Charest v. Jones et al (INMATE 2)
ORDER denying 1 Motion for Temporary Restraining Order, as further set out in order; further ORDERED that this case is REFERRED to the assigned Magistrate Judge for action or recommendation on all pretrial matters. Signed by Honorable Judge Mark E. Fuller on 5/16/2012. (wcl, )
IN THE UNITED STATES DISTRICT COURT
FOR THE MIDDLE DISTRICT OF ALABAMA
PATRICK J. CHAREST,
KENNETH JONES, Warden, STEPHEN
WALKER, Chaplain, et al.,
Case No. 2:12-cv-428-MEF-SRW
Patrick Charest, a prisoner at Bullock Correctional Facility, has filed a complaint
that contains what this Court construes as a motion for a temporary restraining order.
(Doc. # 1.) Charest alleges that the Alabama Department of Corrections (ADOC) invited
a number of Christian chaplains to come speak to the prisoners housed at Bullock.
According to Charest, instead of giving the prisoners the option of attending the event,
the prison guards packed the inmates into the prison’s gymnasium and forced them to
listen to the religious speakers. Charest, a Jehovah’s Witness, says he found this deeply
offensive, and he alleges that forcing him to sit through the program violated his
constitutional rights. Hence the § 1983 action he has filed.
As for the temporary restraining order alluded to at the outset, the last line of
Charest’s complaint asks “for immediate protection” from retaliation by the ADOC.
From as best the Court can tell, Charest believes the guards at Bullock will retaliate
against him for filing his complaint, and so he wants a prophylactic order guarding
against this potential harm. Out of an abundance of caution, the Court will also construe
his complaint as asking for an order barring prison officials from forcing him to sit
through similar prison-sponsored religious gatherings in the future. Because Charest
brings suit as a pro se litigant, the Court must construe his complaint liberally. Alba v.
Montford, 517 F.3d 1249, 1252 (11th Cir. 2008). Thus, the portion of his action
construed as requesting a temporary restraining order will be treated under the Federal
Rules of Civil Procedure as a Rule 65(b) motion for a temporary restraining order.
Rule 65 restricts a court’s ability to grant a temporary injunctive relief. To
overcome the rule’s restrictions, a plaintiff must make clear from “specific facts shown
by affidavit or by the verified complaint that immediate and irreparable injury, loss, or
damage will result to the applicant.” Fed. R. Civ. P. 65(b). The Eleventh Circuit has held
that this requires the plaintiff to show the following: (1) a substantial likelihood of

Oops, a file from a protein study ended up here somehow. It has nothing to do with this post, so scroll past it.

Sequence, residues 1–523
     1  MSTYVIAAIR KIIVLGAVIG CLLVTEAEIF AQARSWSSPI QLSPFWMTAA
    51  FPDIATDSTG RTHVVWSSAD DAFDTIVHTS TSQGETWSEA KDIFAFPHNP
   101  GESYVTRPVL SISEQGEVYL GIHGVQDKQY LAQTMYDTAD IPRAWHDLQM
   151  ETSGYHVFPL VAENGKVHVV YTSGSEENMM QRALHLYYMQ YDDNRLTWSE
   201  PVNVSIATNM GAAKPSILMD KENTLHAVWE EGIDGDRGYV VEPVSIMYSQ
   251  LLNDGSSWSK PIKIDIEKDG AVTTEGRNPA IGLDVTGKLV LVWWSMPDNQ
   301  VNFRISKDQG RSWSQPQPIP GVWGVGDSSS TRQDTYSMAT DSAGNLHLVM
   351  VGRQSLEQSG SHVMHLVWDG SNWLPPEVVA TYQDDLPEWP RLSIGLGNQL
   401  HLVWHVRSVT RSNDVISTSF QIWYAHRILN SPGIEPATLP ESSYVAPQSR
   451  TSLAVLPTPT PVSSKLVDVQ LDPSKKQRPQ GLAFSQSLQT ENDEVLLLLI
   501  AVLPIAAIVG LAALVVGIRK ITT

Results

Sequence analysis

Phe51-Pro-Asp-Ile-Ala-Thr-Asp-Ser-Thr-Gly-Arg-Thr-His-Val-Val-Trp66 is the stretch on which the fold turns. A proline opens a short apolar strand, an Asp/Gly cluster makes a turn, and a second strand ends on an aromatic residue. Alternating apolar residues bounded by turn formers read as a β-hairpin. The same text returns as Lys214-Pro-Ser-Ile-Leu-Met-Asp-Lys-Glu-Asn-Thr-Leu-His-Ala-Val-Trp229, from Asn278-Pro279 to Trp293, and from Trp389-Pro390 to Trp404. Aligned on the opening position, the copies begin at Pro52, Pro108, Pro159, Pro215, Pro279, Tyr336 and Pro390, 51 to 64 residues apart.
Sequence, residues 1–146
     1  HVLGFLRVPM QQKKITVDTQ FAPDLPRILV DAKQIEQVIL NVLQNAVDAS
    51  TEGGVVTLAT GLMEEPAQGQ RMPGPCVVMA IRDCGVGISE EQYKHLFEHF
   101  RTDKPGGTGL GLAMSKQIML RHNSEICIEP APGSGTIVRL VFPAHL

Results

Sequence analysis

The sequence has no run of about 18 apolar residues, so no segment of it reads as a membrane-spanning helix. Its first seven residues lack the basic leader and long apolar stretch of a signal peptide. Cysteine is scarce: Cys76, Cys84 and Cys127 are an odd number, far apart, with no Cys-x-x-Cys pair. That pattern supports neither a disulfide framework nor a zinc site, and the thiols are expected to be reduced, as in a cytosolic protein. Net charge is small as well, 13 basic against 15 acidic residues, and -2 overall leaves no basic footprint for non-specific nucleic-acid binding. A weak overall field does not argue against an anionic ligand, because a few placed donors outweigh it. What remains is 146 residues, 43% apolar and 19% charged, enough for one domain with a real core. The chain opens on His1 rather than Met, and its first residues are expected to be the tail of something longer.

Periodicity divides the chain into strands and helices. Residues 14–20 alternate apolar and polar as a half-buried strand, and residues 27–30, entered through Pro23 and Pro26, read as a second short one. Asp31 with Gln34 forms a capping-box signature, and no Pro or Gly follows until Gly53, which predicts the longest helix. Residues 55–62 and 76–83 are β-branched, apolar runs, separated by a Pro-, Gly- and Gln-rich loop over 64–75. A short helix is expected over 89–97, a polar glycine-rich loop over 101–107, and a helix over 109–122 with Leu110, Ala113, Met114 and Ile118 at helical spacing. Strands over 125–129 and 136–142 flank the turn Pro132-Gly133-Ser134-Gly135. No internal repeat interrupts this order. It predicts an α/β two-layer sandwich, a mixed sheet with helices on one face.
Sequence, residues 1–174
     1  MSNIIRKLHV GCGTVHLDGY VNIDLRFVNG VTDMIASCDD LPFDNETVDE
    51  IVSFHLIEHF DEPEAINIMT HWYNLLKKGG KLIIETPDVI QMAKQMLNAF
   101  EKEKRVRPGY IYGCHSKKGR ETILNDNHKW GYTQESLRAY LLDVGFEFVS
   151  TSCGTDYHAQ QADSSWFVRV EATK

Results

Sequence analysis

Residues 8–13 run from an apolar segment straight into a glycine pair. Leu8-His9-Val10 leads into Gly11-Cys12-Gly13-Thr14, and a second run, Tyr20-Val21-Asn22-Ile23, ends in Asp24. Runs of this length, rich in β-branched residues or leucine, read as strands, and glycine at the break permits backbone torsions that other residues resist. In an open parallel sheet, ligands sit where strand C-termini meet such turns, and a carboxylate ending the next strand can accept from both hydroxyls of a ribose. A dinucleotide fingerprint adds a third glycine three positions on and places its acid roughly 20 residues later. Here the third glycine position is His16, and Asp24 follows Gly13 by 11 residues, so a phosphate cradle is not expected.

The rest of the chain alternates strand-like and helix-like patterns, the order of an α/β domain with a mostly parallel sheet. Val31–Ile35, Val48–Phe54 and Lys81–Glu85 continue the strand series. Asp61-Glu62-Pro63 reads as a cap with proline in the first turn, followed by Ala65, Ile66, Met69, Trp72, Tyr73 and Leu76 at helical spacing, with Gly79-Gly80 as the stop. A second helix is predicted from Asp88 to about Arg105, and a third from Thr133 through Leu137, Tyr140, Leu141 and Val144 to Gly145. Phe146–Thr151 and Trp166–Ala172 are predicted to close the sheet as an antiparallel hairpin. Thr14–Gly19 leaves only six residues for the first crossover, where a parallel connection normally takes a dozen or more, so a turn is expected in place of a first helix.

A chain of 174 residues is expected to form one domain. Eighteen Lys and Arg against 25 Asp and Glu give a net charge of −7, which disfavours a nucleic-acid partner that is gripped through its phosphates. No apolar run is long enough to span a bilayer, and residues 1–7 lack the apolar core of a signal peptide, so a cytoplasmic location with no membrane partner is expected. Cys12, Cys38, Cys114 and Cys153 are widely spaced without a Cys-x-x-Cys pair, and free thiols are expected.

success on the merits; (2) that irreparable injury will be suffered unless the injunction
issues; (3) that the threatened injury to the moving party outweighs whatever damages the
proposed injunction may cause the opposing party; and (4) if issued, the injunction would
not be adverse to the public interest. Palmer v. Braun, 287 F.3d 1325, 1329 (11th Cir.
2002).1 A temporary restraining order is “an extraordinary and drastic remedy not to be
Rule 65 also has a procedural component. But since Charest cannot meet the rule’s substantive
standards, the Court need not concern itself with addressing the procedural issues. See Moore v. Bentley,
12-cv-62, 2012 WL 204163, at *1 n.2 (M.D. Ala. Jan. 24, 2012).
granted unless the movant clearly establishe[s] the burden of persuasion” as to each of
these four elements. McDonald’s Corp. v. Robertson, 147 F.3d 1301, 1306 (11th Cir.
1998) (internal citations and quotation marks omitted).
Here, Charest has failed to shoulder his weighty burden. His failure to allege that
the prison will cause him any imminent harm dooms his claim as he cannot show that he
will suffer irreparable injury unless an injunction issues. Moreover, even if this Court
granted the requested relief, “it would be impossible to administer because [he] is seeking
a restraining order against alleged future retaliation.” Bieros v. Nicola, 857 F. Supp. 445
(E.D. Pa. 1994). Granting relief would thus require crafting an order preventing “persons
from doing something that is entirely speculative in nature,” id., given that the named
defendants have neither made retaliatory threats nor scheduled another religious
ceremony similar to the one of which Charest complains. Accordingly, Charest’s Motion
for a Temporary Restraining Order (Doc. # 1) is DENIED. It is further ORDERED that
this case is REFERRED to the assigned Magistrate Judge for action or recommendation
on all pretrial matters.
Done this the 16th day of May, 2012.
/s/ Mark E. Fuller
UNITED STATES DISTRICT JUDGE
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